Mumbai is on the surface a seething mass of people and vehicles crushed into an improbably small and hot space. The heat of everyone forcing their way through the crowds only makes it hotter and harder to move. In every crack of this collage of motion there is a lifetime being played out. In the alleys are people whose lives may be at a crossroads that is impossible to imagine to a casual passerby. In the tops of high rise buildings are people who pass through the heat and chaos in climate controlled cars and buildings, barely noticing the millions of stories unfolding each day here. In fact, probably most people here don’t notice each other. There is too much to notice.
The effect of all that motion and all those countless people is overwhelming. The alleys are too far stretched. There are too many slums and too many children wandering through cars backed up on the streets with outstretched hands. When people talk about the poverty that you will see in India, they talk about the absolute deprivation that people endure; the lack of housing, food, opportunities. For me, what is so far the most difficult to deal with is the sense that wherever you turn, you will see someone living in poverty, and to imagine that for every person you don’t see, there are a thousand more just around the corner, who I will never see.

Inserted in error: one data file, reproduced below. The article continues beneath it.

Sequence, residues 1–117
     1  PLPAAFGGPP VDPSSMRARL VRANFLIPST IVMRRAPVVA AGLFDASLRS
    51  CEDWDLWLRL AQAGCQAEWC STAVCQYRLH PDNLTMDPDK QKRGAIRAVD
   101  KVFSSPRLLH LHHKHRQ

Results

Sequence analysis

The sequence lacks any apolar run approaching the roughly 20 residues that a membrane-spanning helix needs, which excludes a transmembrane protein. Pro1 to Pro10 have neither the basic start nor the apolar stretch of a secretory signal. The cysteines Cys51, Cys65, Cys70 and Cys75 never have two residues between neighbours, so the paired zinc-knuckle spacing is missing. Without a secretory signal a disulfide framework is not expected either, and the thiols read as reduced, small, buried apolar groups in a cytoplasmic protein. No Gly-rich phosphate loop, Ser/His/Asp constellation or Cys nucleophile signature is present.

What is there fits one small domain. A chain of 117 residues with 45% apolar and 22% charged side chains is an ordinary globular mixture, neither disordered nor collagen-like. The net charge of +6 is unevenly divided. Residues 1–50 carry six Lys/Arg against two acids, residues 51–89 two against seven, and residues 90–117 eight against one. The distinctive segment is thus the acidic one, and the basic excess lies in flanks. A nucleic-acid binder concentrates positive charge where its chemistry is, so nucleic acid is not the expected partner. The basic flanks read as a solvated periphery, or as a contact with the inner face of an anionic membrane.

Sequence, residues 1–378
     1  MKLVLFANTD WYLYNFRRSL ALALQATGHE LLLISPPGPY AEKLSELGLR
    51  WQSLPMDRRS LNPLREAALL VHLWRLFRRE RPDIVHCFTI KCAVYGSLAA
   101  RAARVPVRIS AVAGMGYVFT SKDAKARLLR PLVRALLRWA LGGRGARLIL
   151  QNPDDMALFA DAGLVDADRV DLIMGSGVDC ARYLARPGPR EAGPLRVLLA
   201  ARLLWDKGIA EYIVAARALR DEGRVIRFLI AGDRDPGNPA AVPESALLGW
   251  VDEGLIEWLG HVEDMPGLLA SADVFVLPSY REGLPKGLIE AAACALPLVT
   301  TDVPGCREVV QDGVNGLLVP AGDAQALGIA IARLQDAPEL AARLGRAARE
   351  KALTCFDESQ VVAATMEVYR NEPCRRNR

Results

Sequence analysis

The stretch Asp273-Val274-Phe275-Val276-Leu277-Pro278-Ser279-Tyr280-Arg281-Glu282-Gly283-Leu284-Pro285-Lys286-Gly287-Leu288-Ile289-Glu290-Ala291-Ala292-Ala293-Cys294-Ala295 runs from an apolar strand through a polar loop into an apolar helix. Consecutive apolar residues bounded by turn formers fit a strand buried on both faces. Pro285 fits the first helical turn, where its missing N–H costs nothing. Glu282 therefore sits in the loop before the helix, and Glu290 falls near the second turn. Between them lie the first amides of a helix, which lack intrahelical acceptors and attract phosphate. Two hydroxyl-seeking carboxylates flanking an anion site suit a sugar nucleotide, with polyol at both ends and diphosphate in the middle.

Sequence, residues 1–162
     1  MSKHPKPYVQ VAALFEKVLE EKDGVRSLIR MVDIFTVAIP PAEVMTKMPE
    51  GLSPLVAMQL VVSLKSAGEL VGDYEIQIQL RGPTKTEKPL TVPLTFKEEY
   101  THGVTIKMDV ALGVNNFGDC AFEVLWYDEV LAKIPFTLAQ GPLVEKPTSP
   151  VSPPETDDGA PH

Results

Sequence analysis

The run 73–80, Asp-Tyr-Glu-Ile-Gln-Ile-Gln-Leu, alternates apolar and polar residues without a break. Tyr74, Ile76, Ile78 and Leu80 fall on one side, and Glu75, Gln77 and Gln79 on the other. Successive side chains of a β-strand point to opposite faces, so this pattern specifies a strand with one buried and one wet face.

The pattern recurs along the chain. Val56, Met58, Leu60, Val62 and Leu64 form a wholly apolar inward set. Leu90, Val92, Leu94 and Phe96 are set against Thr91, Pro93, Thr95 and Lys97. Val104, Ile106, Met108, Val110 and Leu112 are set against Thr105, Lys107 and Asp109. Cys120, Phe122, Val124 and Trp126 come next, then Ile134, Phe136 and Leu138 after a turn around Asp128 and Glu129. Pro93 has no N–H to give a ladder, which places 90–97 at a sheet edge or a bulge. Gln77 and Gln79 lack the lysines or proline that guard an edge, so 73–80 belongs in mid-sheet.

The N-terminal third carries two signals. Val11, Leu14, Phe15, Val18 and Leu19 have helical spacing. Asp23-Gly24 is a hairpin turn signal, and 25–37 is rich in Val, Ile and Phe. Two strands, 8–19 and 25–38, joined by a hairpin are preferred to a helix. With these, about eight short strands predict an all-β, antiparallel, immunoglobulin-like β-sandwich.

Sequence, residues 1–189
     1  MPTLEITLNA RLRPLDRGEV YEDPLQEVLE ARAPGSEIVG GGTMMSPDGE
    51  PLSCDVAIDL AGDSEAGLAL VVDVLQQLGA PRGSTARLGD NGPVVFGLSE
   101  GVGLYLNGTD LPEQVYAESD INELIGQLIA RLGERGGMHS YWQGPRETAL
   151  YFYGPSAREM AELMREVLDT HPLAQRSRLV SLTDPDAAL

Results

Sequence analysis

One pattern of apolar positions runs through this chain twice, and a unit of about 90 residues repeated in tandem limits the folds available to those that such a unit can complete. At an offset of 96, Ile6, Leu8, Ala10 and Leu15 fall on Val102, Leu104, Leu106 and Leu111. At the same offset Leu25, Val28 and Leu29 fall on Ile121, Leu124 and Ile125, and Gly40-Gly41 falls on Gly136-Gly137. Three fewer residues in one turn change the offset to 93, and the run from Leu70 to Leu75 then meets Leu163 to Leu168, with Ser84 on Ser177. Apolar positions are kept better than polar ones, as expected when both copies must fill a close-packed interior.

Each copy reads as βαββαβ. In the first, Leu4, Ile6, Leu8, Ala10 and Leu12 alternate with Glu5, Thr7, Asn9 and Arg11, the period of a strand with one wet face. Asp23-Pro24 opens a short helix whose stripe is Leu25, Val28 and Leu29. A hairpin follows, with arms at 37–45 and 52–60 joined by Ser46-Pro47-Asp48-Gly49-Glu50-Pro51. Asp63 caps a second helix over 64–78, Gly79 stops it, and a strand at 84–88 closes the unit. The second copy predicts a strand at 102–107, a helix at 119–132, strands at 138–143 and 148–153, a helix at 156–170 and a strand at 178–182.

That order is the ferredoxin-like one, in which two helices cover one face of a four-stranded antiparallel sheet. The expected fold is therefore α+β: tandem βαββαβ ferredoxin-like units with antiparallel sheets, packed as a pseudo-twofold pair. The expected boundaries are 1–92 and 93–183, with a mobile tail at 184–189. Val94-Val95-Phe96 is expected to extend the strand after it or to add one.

But still amidst an overwhelming and admittedly intimidating first impression of this city there are still people who are committed to tackling the country’s problems head on. They see the city’s problems not as a source of intimidation but a reason to continue to press for change. For me, those children weaving their way through traffic are nameless but there are people setting up schools for them, improving sanitation, organizing workers, fighting for women’s rights, and helping to ensure that they have a future.
My work as an LGT Venture Philanthropy iCats Fellow will start with drawing inspiration from the people here who understand the country’s problems and their scale and are more committed than ever to helping solve them. From there I will have the chance to support these people as well as to help ensure that more young girls in one of the country’s most challenging regions for girl’s education have a chance to do great things. Working with Educate Girls, an NGO that tackles the gender gap in schools in Rajasthan, India through community-engagement and partnerships with the local government, I will have a chance to bring my skills and energy into an organization with huge potential and to help support a group of people who are committed to making a difference in the lives of young girls in India.